From a business strategy perspective, Michael Porter and James Heppelmann's recent Harvard Business Review article provides a thorough and substantial argument for how the Internet of Things ('IoT') is already a disruptive force in many industries. Primary industries, such as farming, feature heavily throughout the Porter and Heppelman article. For example, GPS-enabled devices use and record field locations to more accurately help farmers understand inputs and outputs in agriculture production.
Manufacturing is likewise no longer just about producing the physical product as 'smart' products communicate data to the user or back to the manufacturer, or both. Smart products provide value by linking to databases and 'big data' analytics in what can be called the 'service cloud,' a space that reaches far beyond traditional manufacturing plants. As such, connectivity adds value. As Porter and Heppelman put it,
"Smart components amplify the capabilities and value of the physical components, while connectivity amplifies the capabilities and value of the smart components and enables some of them to exist outside the physical product itself. The result is a virtuous cycle of value improvement.”
Not surprisingly, Michael Porter interprets the strategic implications of the Internet of Things through his famous '5 Forces' model of industrial competition. Each of the five forces can be extended or undermined by machine-to-machine connectivity. And, not surprisingly, the authors remind us that, just as technology in general is an enabler, not a strategic advantage in and of itself, so too, the Internet of Things will favor those with a strong, clear strategic platform to take advantage of machine-to-machine connectivity.
“What makes smart, connected products fundamentally different is not the Internet, but the changing nature of ‘things.’ It is the expanded capabilities of smart, connected products and the data they generate that are ushering in a new era of competition. Companies must look beyond the technologies themselves to the competitive transformation taking place.”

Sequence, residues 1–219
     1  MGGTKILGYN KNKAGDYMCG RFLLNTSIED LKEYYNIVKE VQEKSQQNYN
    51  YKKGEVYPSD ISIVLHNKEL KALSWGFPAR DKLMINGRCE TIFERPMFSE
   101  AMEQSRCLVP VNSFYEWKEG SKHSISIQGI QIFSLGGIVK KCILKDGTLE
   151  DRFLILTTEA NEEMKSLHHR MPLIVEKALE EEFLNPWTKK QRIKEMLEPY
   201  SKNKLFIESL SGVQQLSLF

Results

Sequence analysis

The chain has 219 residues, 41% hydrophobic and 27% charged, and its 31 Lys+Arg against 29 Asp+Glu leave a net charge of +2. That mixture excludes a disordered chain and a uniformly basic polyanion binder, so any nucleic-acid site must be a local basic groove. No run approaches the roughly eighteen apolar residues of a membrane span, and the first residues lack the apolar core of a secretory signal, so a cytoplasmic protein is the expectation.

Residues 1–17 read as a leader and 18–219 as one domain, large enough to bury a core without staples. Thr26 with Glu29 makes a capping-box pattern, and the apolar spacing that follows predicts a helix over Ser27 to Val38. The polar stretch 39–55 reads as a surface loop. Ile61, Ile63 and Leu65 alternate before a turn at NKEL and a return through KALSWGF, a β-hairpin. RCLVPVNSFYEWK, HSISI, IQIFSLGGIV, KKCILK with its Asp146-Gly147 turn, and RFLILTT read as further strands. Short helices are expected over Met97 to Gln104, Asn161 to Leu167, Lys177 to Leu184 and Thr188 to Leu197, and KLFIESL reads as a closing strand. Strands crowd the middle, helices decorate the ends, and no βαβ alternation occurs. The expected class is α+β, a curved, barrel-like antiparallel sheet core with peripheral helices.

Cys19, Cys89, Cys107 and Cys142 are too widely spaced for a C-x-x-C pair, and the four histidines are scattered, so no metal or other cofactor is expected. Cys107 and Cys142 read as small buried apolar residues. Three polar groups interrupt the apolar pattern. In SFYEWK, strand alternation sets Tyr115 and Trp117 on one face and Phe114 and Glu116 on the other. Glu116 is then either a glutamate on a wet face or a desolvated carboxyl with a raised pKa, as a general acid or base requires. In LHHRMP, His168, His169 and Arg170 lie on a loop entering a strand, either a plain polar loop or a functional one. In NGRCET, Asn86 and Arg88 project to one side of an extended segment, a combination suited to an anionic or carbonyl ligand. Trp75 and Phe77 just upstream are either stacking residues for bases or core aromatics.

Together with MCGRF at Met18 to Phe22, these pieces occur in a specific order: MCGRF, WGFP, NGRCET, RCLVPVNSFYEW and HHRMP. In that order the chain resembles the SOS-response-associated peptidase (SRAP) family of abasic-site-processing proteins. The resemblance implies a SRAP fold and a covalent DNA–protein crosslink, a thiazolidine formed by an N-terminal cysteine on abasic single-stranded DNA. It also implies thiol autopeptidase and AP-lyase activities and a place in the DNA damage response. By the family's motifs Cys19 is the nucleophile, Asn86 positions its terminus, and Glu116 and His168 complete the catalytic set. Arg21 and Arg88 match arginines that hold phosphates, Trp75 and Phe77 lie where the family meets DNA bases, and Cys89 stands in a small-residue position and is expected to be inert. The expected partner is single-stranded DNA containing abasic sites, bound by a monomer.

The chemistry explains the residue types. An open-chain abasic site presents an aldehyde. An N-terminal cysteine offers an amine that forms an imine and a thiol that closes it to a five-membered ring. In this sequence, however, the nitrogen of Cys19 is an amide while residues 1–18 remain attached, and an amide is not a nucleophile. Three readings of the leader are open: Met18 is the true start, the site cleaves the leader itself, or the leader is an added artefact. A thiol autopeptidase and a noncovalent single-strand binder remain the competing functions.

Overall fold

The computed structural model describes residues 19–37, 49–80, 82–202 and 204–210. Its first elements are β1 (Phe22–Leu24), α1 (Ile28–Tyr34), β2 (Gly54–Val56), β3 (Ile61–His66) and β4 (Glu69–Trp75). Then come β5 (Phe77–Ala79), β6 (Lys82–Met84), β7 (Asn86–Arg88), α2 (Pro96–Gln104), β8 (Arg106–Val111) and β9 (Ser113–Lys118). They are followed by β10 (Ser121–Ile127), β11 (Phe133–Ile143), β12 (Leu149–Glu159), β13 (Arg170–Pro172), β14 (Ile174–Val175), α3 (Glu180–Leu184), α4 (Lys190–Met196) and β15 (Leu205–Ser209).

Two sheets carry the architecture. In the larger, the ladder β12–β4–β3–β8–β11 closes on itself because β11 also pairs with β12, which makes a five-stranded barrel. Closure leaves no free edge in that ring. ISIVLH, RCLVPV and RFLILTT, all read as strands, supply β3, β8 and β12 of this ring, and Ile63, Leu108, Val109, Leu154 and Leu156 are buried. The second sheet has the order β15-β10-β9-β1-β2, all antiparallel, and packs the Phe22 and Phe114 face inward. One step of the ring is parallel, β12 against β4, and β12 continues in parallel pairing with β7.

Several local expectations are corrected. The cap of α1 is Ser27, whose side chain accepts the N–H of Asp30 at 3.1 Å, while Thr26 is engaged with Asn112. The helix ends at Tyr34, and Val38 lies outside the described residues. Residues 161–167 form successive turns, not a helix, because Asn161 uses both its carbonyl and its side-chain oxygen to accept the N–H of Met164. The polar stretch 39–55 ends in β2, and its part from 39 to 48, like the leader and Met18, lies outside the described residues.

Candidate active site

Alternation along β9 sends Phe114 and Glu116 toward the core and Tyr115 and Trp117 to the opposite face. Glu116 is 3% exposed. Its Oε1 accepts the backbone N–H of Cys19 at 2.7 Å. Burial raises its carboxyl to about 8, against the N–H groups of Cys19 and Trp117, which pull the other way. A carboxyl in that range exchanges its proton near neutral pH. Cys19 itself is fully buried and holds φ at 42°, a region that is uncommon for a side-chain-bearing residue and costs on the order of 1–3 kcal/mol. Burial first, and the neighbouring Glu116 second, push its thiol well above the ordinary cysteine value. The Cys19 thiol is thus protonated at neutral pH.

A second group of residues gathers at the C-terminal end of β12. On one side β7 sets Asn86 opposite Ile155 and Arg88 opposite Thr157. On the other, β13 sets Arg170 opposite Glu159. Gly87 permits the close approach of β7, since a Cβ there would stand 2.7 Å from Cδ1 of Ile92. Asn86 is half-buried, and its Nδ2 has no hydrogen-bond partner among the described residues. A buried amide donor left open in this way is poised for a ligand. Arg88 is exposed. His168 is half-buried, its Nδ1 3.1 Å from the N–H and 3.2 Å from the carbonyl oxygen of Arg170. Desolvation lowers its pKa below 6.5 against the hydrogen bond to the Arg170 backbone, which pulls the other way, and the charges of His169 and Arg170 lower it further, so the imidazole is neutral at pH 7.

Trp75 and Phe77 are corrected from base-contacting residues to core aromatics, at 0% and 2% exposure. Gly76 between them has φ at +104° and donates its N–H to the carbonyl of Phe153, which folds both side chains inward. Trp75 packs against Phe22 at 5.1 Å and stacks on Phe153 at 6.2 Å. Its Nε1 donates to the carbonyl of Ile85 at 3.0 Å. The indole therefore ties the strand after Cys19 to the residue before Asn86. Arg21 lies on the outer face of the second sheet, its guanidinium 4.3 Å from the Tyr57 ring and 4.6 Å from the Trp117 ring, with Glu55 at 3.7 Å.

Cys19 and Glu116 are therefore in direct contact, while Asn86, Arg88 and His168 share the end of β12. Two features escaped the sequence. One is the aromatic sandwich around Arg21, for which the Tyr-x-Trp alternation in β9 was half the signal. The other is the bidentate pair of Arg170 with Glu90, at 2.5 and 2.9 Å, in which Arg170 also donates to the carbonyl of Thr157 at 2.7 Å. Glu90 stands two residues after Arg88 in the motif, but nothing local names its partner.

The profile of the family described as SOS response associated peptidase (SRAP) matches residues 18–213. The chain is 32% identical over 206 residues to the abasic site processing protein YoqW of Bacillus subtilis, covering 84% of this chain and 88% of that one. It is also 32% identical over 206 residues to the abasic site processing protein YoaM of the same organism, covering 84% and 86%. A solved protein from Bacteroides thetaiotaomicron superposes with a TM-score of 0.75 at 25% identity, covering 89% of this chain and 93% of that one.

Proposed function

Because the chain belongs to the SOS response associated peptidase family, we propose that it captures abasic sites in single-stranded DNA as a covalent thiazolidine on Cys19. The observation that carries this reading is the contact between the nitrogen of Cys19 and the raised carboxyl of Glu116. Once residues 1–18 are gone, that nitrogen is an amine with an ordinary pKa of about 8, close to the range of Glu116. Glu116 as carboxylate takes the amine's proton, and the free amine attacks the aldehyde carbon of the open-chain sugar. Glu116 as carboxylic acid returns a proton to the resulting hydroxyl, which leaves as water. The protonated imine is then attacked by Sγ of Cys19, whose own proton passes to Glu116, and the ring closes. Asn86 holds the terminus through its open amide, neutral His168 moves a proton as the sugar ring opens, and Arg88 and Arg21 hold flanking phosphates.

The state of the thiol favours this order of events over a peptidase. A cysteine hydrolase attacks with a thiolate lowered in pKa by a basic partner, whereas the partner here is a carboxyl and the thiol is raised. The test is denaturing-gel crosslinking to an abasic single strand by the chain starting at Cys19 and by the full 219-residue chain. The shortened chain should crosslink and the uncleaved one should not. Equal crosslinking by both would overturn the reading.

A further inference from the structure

Connectivity is central to Porter and Heppelman's new work. Indeed, the term is used frequently in the article, especially early on as they paint a picture of the current competitive and technological landscape. Moreover, in their new model of the 'technology stack' the central element--right in the middle of the model--is 'connectivity,' enabling smart products to provide additional value and serve old and new customer needs, which in turn provides value to firms who can create and/or harness the Internet of Things and other connective technologies.
The authors suggest that, “the third wave of IT-driven transformation thus has the potential to be the biggest yet, triggering even more innovation, productivity gains, and economic growth than the previous two (automation and the rise of the Internet).”
Not only does Porter see increased connectivity as a new source of competitive advantage, he also sees the potential of the Internet of Things to solve important human problems and make life better. Smart products have the potential of helping manufacturers make better products, but also empowering individuals with useful personal data, for example health data from bio-sensors in wearable devices.
Whether or not you share Porter and Heppelmann's optimism for the Internet of Things, if your company is stalled in the headlights when it comes to digital strategy, put this article on your boss's desk!
For more on the Internet of Things, see my post called the Internet of Everything, when MIT's Technology Review's proclaimed 2013 as the "Year of the Internet of Things."
Michael Porter and James Heppelmann, Harvard Business Review, November, 2014.